February 2023 Consumer Price Index: Inflation continues to cool, mainly due to base-year effects
Canada’s headline inflation cooled more than expected in February to 5.2% year-over-year (more than market expectations of 5.4%), with core inflation also slowing to 4.9%. This is largely due to base-year effects, with current prices being compared to elevated levels from a year ago when global commodity prices soared after Russia invaded Ukraine along with supply chain disruptions.
The Bank will welcome the slowdown in inflation, but notwithstanding this progress, there’s still a long way to get back to 2%. They will likely maintain their interest rate pause while they wait for more decisive evidence of slower core inflation.– Mahmoud Khairy, Economist, Business Data Lab, Canadian Chamber of Commerce
- The Consumer Price Index (CPI) cooled down in February to 5.2% — more than markets expected (5.4%) — in what was the largest deceleration since April 2020. There was also a slight improvement in core inflation, as the average of the Bank of Canada’s preferred core inflation measures declined to 4.9% year-over-year. This notable decline is mainly due to so-called base-year effects; given the sharp rise in global commodity prices last year associated with Russia’s invasion of Ukraine, year-over-year inflation should continue to slow noticeably over the first half of 2023.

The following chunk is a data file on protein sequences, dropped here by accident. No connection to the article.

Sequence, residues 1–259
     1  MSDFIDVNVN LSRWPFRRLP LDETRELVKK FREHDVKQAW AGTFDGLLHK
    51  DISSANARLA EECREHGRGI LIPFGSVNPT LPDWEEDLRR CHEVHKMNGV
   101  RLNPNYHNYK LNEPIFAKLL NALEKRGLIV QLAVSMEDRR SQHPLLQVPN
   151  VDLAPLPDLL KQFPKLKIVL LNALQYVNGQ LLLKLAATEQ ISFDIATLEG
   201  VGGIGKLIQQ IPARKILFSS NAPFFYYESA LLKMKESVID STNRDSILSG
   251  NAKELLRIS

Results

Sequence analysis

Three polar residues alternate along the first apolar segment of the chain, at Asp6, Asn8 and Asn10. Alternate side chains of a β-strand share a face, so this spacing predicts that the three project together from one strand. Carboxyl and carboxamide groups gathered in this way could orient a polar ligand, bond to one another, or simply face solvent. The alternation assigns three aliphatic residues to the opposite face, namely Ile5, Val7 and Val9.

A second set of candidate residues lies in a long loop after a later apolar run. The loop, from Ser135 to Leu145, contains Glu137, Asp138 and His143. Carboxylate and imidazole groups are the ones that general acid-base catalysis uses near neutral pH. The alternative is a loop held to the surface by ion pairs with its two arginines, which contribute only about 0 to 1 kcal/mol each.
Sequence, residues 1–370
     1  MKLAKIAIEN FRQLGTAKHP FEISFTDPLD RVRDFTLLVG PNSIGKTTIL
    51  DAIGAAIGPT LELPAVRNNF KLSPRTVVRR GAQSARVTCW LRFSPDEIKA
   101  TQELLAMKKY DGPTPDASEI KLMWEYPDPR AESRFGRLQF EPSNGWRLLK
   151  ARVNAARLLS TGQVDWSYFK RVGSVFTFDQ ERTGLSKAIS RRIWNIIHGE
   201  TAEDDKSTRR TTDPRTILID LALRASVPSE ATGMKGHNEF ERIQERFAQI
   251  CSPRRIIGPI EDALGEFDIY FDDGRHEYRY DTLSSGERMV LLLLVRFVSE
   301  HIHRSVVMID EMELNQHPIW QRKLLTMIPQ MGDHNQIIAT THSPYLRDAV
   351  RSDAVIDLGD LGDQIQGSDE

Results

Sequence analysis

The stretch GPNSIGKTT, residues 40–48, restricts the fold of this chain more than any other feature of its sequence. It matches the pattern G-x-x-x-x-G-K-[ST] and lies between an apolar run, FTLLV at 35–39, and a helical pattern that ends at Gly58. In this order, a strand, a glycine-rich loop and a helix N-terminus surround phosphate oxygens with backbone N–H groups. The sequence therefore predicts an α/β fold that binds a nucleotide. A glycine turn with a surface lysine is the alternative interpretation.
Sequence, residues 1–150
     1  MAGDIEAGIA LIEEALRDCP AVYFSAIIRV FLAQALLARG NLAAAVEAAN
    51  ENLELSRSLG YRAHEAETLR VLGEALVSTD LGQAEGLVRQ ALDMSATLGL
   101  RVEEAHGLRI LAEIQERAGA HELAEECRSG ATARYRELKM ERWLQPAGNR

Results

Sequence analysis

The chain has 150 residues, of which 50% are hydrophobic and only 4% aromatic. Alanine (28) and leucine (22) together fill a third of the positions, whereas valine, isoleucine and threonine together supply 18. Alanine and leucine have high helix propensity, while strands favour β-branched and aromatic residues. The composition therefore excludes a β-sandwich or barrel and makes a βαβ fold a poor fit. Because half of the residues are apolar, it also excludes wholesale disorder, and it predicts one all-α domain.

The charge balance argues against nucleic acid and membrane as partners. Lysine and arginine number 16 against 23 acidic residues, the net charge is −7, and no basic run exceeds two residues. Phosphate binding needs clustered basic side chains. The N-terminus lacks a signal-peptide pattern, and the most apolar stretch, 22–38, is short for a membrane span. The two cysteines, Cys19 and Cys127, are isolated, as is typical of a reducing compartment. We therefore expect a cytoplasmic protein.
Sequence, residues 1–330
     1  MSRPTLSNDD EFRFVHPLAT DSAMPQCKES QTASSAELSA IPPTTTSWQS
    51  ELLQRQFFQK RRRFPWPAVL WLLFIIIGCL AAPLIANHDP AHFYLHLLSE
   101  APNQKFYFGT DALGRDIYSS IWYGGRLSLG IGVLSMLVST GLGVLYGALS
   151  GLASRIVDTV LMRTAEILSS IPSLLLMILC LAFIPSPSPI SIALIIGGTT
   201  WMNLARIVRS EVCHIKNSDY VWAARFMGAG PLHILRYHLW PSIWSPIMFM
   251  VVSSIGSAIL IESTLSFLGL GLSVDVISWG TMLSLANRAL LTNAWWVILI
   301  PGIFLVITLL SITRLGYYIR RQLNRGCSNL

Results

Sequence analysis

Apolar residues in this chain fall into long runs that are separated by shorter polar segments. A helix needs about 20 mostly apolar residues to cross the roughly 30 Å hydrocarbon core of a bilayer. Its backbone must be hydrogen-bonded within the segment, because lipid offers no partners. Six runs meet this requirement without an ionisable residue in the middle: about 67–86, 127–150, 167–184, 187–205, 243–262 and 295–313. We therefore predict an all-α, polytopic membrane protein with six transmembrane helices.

- The slowdown in inflation was broad-based across most components; however, food prices continue to be a major burden on consumers.
- Shelter costs cooled for the third straight month to 6.1% (from 6.6%). However, higher interest rates due to the Bank of Canada’s tightening policy has resulted in the biggest increase in mortgage rates since 1982. The mortgage interest cost index rose in February to 23.9% (from 21.2%).
- Goods prices has slowed to 5.2% (from 6.4%), while prices for services remained stable at 5.3%.
- Energy prices were actually down 0.6% on a year-over-year basis — again reflecting base-year effects after the Russian invasion to Ukraine has caused energy prices to spike in early 2022.
- Inflation slowed in all provinces, except British Columbia where prices remained stable due to offsets from higher rents. Alberta had the fasted inflation slowdown because of lower energy prices as well as the national plan to reduce childcare costs.